The law is clear, set forth in the 1981 U.S. Supreme Court decision in Plyler v. Doe: Children living in the United States have the right to attend K-12 public schools, regardless of the documentation or immigration status of the child (or their parents). In Plyler, the Court explained that denying undocumented students the same “free public education that [the state] offers to other children” would “foreclose any realistic possibility that they will contribute in even the smallest way to the progress of our Nation.”
The Court added, “Even if the State found it expedient to control the conduct of adults by acting against their children, legislation directing the onus of a parent’s misconduct against his children does not comport with fundamental conceptions of justice.”
Yet as rhetoric around immigration has heated up under President Trump, there is growing evidence that immigrants and children who are undocumented are worried that school attendance could lead to detention and deportation. More than 80 percent of the 3,500 educators who responded to a 2018 survey said they had students who were worried about immigration enforcement. NEPC Fellow and UCLA Professor Patricia Gándara and her co-author Jongyeon Ee conducted the survey of more than 700 Title I schools serving high percentages of low-income students in 12 states with large shares of English language learners.
The majority of survey respondents also noticed increases in absenteeism that they attributed to concerns about immigration enforcement.
What can schools do to increase the odds that families or children without documents are not too frightened to exercise their legal right to a public education?
In the Q&A below, NEPC Fellow and Stanford Law School professor Bill Koski offers practical advice on measures that educators can take to create a safe, legal, and welcoming environment for students and families without documents. Koski directs the Youth and Education Law Project, an in-house legal clinic devoted to ensuring that disadvantaged children and communities have access to equal educational opportunities. He has represented hundreds of youth and families in race discrimination, student discipline, and disability rights matters and has served as co-counsel in four recent complex school reform lawsuits. He is the co-author of Protecting Undocumented and Vulnerable Students, along with Michael Wald, Jonathan Berry-Smith, Sarah Brim, Carolyn Hite, & Ray Li.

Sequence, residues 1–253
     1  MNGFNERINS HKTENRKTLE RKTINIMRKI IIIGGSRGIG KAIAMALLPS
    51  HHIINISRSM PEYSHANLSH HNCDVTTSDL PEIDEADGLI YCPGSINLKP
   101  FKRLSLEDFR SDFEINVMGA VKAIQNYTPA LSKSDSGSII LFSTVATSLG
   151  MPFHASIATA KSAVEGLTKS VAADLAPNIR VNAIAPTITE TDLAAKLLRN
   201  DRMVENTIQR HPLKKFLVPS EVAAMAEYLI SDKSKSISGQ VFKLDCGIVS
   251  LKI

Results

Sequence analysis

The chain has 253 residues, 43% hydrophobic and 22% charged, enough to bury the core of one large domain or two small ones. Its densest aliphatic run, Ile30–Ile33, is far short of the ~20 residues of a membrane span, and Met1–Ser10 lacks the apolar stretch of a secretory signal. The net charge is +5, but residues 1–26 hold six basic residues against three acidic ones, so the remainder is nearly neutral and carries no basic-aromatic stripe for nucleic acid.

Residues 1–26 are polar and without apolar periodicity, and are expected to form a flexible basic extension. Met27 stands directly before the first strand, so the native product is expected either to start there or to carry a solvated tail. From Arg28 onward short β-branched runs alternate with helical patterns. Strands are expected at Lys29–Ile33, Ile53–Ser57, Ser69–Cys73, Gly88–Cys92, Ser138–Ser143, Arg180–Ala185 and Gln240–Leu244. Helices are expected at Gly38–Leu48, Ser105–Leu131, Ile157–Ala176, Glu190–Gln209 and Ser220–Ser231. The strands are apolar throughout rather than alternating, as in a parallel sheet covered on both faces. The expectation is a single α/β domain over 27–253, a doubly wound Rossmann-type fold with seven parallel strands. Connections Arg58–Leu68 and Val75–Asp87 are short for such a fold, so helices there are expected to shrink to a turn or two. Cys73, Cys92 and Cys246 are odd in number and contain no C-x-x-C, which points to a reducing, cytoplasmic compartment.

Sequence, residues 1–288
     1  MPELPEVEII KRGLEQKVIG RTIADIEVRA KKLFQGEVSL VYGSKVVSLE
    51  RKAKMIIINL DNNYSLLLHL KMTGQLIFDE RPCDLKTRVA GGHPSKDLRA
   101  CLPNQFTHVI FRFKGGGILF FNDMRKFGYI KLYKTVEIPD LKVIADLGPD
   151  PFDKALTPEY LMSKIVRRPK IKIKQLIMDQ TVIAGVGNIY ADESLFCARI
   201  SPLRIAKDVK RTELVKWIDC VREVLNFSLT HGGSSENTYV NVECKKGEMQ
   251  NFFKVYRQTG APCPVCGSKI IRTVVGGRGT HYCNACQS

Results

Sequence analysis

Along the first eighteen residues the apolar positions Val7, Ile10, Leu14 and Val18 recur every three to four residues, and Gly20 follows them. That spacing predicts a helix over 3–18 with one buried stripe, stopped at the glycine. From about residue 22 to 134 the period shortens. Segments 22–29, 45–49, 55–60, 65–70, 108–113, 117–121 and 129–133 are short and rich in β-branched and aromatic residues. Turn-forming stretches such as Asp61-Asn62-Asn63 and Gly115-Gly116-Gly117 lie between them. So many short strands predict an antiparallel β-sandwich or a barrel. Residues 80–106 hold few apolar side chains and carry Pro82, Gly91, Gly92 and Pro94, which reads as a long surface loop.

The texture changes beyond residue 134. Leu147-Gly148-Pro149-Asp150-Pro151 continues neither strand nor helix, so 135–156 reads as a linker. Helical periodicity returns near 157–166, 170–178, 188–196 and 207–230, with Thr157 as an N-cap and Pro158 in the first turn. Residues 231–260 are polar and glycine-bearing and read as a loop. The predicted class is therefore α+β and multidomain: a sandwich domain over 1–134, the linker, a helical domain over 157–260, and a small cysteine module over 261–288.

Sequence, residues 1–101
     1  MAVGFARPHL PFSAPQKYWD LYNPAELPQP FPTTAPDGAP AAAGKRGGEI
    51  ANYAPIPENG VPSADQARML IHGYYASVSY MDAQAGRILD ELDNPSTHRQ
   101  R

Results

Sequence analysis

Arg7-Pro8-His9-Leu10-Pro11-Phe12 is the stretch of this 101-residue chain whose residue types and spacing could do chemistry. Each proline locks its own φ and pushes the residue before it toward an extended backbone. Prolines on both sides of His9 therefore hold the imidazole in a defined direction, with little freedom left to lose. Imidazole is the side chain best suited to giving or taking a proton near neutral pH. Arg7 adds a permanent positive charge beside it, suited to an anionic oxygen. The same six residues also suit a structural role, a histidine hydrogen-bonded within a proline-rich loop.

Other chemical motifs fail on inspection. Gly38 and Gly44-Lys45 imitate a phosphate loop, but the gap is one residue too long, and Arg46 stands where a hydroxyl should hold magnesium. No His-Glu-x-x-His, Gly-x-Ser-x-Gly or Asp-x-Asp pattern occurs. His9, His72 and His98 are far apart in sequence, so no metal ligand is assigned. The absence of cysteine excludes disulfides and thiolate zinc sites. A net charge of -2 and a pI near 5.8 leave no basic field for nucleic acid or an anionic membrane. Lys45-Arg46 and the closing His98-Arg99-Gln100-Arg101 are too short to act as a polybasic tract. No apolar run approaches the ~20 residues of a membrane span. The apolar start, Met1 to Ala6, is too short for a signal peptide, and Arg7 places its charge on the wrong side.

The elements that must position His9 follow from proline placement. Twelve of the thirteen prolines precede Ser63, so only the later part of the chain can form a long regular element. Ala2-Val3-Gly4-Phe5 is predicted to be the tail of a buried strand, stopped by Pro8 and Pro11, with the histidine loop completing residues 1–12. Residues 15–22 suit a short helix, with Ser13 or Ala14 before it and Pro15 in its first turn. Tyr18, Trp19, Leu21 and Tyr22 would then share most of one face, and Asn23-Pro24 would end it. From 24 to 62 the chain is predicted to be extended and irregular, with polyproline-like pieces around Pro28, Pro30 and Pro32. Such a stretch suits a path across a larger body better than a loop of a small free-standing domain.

Q: I wonder if you could start off by briefly describing this issue facing undocumented immigrants and your work on the issue.
A: In California alone, at least 750,000 children live with a parent who is undocumented, including 250,000 children who are undocumented themselves. As a result of policies that have been adopted by the current federal administration, there is widespread anxiety among immigrant communities about Immigrant and Customs Enforcement (ICE) actions. This anxiety has led to increases in student absences and declines in parent participation in school events, threatening students’ rights as established by Plyler.
Our work at the Stanford Law School’s Youth & Education Law Project has given us a front row seat to the fear and anxiety that children and parents are feeling, as many of our clients have asked us how they can protect their children, while confidently sending them to school and participating in school activities. Similarly, school administrators—with whom we don’t always see eye-to-eye—had been reaching out to us in solidarity with immigrant communities and asking how they can create a safe and productive learning environment for all families and children. That was where we aimed to step in and provide guidance to the many teachers, administrators, and other school leaders who wanted to establish policies to protect the right to education of both undocumented children and children with undocumented parents, including their access to a full range of educational activities.
Q: In your experience, what are some common misconceptions or misunderstandings that school officials have about laws governing their interactions with students who are undocumented or their families?
A: The biggest misconceptions surround data/information-collection from families seeking to enroll their children in school, and the handling of sensitive information.
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